Laura J. Martin hails from the suburbs of Liverpool and mines the darker, esoteric underbelly of folk. With untold layers of intrigue, she flits effortlessly between flute, mandolin and piano, as well as looped vocals and instruments to beguiling effect. There’s an otherworldliness to the off-kilter, psychedelic feel of her music, which has made her an ideal choice to support the likes of Scout Niblett, Buck 65, Little Dragon, Gruff Rhys, Euros Childs, Diane Cluck and Jonny (Euros from Gorky’s and Norman from Teenage Fanclub), some of whom she appeared as both guest and support.
Her debut album, ‘The Hangman Tree’ (Static Caravan), arrived in January 2012 to widespread acclaim, radio sessions and higher profile gigs. The Mike Lindsay (Tunng) assisted EP ‘Bónus Skór’ followed in September 2012 and showcased a deeper, more atmospheric sound influenced by the surroundings of the Icelandic recording sessions.
On returning from Iceland work began in earnest on Laura’s second album. Channelling the sonic adventure and dramatic arrangements of Jean Claude Vannier and Francois de Roubaix, Laura proceeded to record and produce 13 songs. Thematically expanding on the experience of producing a commissioned soundtrack for the BFI, ‘Dazzle Days’ features now regular collaborators Mike Lindsay (Tunng) on vocals and Benge (John Foxx, Serafina Steer) who mixed and added synth, Eno-esqe beds and Oldfield reverbs at his studio Play Industries. Tighter pop tunes but convoluted structures. Wonky progressive flute but Laurel Canyon sweetness, it’s all present and correct.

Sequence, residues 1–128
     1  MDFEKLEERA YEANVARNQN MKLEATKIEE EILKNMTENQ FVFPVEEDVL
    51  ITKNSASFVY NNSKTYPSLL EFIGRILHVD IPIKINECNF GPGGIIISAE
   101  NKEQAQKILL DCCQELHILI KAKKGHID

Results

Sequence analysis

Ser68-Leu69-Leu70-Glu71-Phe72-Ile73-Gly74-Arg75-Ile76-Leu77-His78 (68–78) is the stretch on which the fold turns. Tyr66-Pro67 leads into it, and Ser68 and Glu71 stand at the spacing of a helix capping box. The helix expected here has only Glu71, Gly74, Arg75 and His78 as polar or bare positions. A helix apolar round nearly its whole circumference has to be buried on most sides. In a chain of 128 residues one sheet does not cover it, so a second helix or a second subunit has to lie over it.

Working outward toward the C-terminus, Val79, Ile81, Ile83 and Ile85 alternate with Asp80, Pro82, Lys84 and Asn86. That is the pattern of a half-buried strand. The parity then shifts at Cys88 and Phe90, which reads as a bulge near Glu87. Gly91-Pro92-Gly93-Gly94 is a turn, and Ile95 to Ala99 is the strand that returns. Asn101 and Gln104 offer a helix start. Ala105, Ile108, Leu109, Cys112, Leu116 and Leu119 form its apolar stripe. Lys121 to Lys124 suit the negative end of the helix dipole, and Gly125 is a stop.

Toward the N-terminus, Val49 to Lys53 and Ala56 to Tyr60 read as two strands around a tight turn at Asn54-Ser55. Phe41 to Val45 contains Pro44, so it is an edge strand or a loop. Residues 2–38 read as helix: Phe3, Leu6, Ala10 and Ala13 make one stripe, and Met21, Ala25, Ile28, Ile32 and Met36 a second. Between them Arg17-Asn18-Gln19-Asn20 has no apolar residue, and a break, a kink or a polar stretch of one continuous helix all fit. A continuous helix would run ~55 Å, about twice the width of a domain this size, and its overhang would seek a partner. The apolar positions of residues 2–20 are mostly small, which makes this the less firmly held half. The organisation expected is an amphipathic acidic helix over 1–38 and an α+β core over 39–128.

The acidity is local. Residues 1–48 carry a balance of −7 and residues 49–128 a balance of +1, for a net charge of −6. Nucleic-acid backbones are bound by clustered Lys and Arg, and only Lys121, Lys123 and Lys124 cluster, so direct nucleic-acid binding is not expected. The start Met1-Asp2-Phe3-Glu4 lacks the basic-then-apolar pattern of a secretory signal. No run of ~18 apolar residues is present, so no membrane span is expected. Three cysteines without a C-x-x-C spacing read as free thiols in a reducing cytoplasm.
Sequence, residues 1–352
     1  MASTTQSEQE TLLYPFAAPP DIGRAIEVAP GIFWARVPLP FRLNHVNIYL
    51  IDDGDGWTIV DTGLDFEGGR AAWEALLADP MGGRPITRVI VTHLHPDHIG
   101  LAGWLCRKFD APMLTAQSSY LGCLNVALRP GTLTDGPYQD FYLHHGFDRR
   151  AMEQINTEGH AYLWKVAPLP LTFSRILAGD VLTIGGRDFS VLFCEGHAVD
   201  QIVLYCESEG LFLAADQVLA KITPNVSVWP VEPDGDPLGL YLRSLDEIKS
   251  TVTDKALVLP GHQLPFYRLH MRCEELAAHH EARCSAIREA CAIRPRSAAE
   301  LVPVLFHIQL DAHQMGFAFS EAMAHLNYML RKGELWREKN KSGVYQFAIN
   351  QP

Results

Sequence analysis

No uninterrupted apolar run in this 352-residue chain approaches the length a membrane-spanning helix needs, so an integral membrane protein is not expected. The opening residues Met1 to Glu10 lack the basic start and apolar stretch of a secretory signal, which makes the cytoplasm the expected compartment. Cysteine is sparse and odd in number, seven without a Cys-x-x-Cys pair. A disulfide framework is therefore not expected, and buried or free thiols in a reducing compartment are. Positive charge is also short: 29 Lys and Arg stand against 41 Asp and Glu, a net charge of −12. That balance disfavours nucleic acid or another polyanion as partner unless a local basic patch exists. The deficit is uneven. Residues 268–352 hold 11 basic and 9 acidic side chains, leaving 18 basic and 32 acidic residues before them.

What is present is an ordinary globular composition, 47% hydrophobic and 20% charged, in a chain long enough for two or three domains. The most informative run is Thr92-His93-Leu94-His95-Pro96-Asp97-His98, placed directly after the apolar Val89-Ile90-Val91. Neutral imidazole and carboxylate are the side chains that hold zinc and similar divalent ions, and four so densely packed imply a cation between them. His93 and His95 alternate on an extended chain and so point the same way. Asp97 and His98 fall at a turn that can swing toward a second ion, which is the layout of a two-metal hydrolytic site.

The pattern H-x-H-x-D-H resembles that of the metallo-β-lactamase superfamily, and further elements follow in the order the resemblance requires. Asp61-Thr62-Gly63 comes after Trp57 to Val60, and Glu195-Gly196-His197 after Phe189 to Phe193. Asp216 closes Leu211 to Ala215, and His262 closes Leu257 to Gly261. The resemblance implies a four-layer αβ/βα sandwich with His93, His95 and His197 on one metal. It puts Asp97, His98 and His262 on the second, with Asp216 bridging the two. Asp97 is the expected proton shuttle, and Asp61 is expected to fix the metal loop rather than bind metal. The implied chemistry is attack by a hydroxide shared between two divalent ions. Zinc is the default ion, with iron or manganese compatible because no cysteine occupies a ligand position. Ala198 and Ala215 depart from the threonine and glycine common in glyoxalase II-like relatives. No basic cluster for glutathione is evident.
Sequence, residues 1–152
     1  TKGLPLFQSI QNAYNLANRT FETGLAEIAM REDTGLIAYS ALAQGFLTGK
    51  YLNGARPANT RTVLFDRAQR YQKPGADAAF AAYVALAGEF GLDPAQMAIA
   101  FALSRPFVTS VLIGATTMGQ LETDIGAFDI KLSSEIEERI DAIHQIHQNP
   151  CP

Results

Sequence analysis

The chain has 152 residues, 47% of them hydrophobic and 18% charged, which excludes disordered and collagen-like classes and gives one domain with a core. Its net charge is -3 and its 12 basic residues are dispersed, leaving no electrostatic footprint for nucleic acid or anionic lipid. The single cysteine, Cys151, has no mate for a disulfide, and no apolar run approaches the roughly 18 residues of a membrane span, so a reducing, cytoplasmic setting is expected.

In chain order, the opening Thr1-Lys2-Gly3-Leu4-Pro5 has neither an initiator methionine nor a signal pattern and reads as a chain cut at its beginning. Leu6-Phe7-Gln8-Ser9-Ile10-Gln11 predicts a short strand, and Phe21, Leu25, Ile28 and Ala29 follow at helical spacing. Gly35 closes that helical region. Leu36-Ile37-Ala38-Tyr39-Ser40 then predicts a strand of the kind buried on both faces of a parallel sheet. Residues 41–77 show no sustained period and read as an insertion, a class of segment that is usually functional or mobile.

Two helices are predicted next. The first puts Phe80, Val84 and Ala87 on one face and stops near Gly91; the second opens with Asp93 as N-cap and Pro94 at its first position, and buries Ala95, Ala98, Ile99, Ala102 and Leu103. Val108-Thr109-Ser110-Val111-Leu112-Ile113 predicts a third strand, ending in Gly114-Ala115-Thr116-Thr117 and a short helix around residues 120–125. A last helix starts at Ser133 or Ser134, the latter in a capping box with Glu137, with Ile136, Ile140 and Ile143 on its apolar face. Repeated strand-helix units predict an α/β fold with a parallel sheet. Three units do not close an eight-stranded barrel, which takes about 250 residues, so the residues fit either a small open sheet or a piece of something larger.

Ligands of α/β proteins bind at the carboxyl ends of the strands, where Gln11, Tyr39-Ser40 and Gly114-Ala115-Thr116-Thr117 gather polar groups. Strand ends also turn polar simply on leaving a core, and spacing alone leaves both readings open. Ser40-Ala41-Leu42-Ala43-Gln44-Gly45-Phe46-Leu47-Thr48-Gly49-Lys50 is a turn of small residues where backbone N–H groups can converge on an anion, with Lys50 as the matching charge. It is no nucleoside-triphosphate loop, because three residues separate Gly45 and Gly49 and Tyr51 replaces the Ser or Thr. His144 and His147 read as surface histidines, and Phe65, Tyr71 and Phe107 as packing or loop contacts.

...with support from
The Drink are Dearbhla Minogue (singing, guitar), David Stewart (bass) and Daniel Fordham (drums). They play odd guitar pop which combines the controlled chaos of Deerhoof with the fractured melodies of The Breeders, shot through with the joyful pulse of Talking Heads.
Outside The Drink, Dearbhla is also one-third of psych-girl-garage-group The Wharves, one-third of post-hardcore-blues-army Shield Your Eyes, and has featured on Dublin's Any Other City and Popical Island labels. David and Daniel were the rhythm section of much-loved London pop-post-rockers Fighting Kites.
"Utter quality. Each track is a bundle of joy and interesting musicianship that sits somewhere in between Life Without Buildings and Throwing Muses." - Rough Trade Shops
The Horses of Instruction
.Like the feeling you get from thinking about infinity for too long, or worrying about asteroids striking the earth as you stand there washing dishes.